It's all corporate welfare.

Quality compared to Quantity

It was interesting to see the comment about quality vs. quantity. Just because an oil field attracts someone with a college degree does not mean that it is automatically good job. It might just mean that unemployment is so bad that people are willing to take bad jobs.

It is also mixes cause and effect to suggest that New York could join in the boom by lowering taxes and eliminating environmental protections. These tactics worked in Alaska and Texas because they have massive energy reserves. (Oil drilling companies aren't going to move to New York just because the taxes are lowered, there also has to be oil.)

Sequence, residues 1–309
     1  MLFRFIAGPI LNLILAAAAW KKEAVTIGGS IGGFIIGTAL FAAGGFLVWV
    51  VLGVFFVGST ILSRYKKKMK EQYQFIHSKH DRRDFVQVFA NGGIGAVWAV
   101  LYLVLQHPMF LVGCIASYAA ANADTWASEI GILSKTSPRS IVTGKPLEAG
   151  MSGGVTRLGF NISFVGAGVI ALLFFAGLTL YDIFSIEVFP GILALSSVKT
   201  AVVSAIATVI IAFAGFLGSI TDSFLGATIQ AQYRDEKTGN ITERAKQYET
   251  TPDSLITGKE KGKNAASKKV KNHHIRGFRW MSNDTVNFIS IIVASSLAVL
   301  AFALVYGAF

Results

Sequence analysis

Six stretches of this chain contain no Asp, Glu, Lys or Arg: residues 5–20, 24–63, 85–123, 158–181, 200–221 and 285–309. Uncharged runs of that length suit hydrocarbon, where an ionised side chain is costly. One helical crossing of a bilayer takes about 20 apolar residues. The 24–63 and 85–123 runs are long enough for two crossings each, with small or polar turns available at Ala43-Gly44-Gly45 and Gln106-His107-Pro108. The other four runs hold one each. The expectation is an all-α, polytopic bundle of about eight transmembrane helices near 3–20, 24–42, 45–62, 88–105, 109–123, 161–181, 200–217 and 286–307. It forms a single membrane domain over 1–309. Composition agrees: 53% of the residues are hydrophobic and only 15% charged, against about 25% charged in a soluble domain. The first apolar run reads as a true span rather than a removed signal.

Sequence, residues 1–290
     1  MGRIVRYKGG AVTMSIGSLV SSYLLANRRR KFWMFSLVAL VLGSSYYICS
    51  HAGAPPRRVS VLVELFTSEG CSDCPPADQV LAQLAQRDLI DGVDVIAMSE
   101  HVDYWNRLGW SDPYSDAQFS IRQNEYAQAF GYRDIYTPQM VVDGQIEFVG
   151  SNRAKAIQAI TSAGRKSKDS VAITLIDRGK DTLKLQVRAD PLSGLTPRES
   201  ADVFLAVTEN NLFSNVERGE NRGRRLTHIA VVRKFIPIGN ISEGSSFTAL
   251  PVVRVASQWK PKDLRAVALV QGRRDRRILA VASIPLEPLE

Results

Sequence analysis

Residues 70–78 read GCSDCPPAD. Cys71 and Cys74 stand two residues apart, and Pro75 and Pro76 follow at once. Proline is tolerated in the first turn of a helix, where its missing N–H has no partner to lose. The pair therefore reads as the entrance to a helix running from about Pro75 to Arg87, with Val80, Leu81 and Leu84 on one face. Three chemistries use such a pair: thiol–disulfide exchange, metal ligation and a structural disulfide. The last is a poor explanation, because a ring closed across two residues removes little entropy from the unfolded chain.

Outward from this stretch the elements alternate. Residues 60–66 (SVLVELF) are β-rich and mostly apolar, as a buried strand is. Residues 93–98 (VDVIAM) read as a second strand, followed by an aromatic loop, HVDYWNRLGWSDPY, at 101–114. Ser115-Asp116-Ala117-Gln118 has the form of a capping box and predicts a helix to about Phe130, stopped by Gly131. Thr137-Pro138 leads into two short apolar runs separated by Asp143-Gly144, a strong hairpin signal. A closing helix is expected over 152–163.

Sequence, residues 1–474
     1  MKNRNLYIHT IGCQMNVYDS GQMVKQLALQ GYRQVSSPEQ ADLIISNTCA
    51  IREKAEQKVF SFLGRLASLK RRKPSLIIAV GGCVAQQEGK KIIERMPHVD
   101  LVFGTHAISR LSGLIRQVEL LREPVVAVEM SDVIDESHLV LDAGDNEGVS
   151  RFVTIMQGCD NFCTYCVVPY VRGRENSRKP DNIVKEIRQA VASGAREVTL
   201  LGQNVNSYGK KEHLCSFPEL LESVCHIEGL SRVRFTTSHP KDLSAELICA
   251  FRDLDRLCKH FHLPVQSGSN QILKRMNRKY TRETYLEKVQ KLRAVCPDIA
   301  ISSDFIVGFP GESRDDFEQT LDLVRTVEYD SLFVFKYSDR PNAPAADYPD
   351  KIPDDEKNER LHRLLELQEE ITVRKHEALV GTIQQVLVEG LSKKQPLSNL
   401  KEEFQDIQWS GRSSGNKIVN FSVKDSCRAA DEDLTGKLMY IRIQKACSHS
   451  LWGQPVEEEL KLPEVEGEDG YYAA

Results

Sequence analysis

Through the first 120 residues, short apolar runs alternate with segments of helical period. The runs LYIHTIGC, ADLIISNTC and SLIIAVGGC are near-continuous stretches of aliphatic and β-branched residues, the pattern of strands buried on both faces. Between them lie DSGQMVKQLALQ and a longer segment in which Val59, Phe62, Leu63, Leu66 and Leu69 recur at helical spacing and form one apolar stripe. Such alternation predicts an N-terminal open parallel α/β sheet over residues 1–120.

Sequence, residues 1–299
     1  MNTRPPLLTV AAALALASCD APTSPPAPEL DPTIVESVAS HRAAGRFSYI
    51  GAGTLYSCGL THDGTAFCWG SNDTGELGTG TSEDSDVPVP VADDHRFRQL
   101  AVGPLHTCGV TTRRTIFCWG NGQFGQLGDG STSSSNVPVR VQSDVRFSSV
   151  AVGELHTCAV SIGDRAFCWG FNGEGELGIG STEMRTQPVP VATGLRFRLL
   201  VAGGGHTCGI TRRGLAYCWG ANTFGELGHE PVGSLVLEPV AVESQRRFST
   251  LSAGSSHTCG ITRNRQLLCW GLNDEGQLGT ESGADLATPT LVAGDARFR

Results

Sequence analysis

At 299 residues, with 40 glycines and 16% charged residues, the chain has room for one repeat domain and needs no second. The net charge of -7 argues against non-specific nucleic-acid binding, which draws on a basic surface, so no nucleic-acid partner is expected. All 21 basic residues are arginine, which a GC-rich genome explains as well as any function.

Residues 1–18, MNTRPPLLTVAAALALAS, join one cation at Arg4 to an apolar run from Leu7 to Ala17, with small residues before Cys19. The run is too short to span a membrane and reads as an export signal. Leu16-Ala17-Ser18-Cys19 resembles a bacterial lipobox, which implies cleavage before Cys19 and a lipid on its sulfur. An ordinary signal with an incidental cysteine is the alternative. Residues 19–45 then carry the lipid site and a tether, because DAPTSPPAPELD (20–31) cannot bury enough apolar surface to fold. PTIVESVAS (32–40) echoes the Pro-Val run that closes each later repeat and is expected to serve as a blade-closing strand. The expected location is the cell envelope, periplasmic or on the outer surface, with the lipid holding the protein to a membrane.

Finally, I would question the long-term viability of attracting jobs just by saying businesses can pollute as much as they want. Florida has a $65 billion tourist industry, that relies on clean beaches, clean water, and good fishing around the 'glades. How many big polluters would it take to cripple that industry? Two? Ten?

In 1999, Houston passed Los Angeles as having the most polluted air in the United States (defined by the number of days each city violates federal smog standards.) How many jobs would it generate to relocate that same dangerous air to Disney World?

Not that tourism jobs pay all that well, but if all we are doing is racing to the bottom, it might be just as easy to attract people with nice roads, good schools, and safe air.

Providence and Reason seem to go together

Joel Kotkin is a most important analyst of these trends that are being missed by the mainstream.